With no GDP target, fundamentals in focus

Via China Daily

Workers make baseballs at a factory in Yunnan province in May. It’s one of the local poverty-reduction programs to better safeguard people’s livelihoods, one of the issues the country emphasizes for steady economic momentum. [Photo/Xinhua]

Although China has not set a full-year economic growth target for this year, authorities are still focused on seeing the national economy embrace stability and reform.

Considering the exceptional circumstances this year, Chinese leaders made the right decision to drop the GDP target for the year. Instead of setting such a target and working toward realizing it, the government will better safeguard employment, people’s livelihoods, the development of market entities, food and energy security, stable operation of the industrial and supply chains, and the smooth functioning of society.

It will also better maintain stability in six key areas, namely, employment, finance, foreign trade, foreign investment, domestic investment and market expectations.

By not setting China’s specific economic growth target for 2020, we will concentrate more on people’s livelihoods and ensure that the Chinese economy is seeking progress while maintaining stability. If an annual growth target were announced in this special time, government officials would have been concentrating on the target and whether or not it could be met.

Under the current economic situation, the overall social and economic benefits will improve only after we do well in maintaining employment stability and ensuring people’s livelihoods.

Scrapping the growth target this year does not mean that China will cease reform and opening-up, supply-side structural reform or high-quality development. On the contrary, it signifies clearer goals need to be achieved.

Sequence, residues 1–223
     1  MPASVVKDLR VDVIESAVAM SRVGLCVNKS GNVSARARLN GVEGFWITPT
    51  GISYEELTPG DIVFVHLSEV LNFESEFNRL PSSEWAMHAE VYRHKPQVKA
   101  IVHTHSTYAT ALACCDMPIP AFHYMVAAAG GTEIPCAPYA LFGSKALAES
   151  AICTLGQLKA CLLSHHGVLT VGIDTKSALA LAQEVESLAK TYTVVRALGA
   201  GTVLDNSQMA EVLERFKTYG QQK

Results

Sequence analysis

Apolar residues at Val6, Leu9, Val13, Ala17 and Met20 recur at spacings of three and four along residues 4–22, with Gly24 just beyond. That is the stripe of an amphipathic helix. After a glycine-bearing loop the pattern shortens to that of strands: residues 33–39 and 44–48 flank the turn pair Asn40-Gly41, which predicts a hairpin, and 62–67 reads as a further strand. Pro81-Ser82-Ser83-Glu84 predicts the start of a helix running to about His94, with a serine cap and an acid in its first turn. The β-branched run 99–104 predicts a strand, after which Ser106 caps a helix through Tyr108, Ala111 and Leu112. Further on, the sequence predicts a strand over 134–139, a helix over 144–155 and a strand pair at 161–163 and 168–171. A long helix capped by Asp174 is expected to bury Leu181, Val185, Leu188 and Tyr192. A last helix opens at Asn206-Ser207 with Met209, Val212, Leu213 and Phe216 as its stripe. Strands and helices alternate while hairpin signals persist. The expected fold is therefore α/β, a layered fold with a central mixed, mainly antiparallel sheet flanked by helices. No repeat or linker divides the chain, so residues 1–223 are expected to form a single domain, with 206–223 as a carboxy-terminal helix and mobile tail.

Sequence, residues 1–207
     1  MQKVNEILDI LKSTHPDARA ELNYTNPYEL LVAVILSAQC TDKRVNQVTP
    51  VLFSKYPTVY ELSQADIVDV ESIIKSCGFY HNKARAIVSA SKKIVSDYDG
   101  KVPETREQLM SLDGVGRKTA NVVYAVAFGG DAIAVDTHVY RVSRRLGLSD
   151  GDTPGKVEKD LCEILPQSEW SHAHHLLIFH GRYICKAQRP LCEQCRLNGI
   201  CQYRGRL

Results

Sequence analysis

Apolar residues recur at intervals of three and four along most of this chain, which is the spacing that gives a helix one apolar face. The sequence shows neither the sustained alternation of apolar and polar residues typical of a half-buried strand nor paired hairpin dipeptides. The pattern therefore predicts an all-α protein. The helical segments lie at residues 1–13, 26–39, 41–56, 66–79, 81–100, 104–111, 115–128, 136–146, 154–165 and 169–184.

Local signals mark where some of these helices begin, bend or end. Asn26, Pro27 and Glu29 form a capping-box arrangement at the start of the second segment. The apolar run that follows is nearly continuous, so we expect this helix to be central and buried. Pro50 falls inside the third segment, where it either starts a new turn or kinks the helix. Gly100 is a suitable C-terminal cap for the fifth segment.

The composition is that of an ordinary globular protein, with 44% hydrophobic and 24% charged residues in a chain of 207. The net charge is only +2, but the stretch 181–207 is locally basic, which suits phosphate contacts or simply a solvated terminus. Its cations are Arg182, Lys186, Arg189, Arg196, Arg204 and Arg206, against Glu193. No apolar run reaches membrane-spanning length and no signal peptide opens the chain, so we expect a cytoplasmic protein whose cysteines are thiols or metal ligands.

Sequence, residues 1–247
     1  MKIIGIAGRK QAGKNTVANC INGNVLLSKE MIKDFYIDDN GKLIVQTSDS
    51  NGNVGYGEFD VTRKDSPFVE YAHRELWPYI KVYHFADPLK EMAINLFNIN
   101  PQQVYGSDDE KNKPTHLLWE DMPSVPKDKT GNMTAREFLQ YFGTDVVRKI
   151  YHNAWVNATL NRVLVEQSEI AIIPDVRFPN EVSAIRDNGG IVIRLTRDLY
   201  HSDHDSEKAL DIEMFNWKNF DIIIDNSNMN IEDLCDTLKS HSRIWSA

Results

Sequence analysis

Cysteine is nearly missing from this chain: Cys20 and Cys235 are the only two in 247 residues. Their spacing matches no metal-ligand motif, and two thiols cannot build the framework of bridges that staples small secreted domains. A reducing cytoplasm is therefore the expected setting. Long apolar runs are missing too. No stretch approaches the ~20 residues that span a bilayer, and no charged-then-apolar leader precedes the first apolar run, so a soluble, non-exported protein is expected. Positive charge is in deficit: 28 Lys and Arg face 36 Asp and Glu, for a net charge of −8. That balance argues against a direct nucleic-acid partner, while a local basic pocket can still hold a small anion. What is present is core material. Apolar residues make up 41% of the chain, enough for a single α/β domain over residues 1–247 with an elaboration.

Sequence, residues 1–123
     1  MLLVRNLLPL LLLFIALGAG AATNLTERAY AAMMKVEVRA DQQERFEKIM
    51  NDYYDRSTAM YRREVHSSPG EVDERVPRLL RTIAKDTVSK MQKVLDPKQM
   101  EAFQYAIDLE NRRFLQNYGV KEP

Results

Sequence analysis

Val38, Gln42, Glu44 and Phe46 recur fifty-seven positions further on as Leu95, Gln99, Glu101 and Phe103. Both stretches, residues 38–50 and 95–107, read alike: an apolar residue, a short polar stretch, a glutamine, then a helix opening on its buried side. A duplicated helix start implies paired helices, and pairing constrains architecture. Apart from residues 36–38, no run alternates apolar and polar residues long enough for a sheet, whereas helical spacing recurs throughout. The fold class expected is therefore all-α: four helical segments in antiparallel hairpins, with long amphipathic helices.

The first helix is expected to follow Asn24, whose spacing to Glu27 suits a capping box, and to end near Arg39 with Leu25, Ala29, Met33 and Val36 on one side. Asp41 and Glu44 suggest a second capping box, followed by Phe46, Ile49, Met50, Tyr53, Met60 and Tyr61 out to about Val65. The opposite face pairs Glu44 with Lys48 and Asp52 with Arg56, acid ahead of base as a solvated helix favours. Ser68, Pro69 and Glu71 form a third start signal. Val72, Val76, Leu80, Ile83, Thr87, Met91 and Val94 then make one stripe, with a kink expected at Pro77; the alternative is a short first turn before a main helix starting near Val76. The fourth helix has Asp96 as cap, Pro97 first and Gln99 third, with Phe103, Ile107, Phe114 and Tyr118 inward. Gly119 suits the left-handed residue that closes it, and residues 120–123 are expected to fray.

Due to shocks to the global economy brought by the outbreak of novel coronavirus pneumonia this year, the global industrial and supply chains have become highly vulnerable.

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Given the circumstances, China must strive to expand domestic demand and tap more deeply into domestic consumer market potential, which has yet to be realized through higher-quality economic development and greater reform and opening-up. In this sense, the economic target is clearer than before, and the requirements are actually higher.

China’s new Foreign Investment Law came into effect on Jan 1. To attract more foreign investment in a short time, we must create the world’s best business environment. This requires equal treatment of foreign-invested, State-owned and privately-owned companies as well as a fair, open and transparent market-oriented economy based on the rule of law. In addition, we must step up the opening-up of the overall industrial and supply chains to build an open, stable and safe environment.

As a result, our tasks are heavier this year, but we have confidence in completing them.

A pressing issue at the moment is to safeguard jobs as addressing this is most helpful in solving the problems facing the Chinese economy.

Efforts to keep employment stable should focus on micro, small and medium-sized enterprises (MSMEs) which have weak risk resistance capacity due to a general lack of large assets, large equipment and large amounts of capital.

During the resumption of work and production in the previous months, some MSMEs dealt with challenges such as restricted personnel flows, raw material price hikes and logistics limitations, in addition to finding ways to pay rent, salaries and loans. The government should pay attention to all these problems.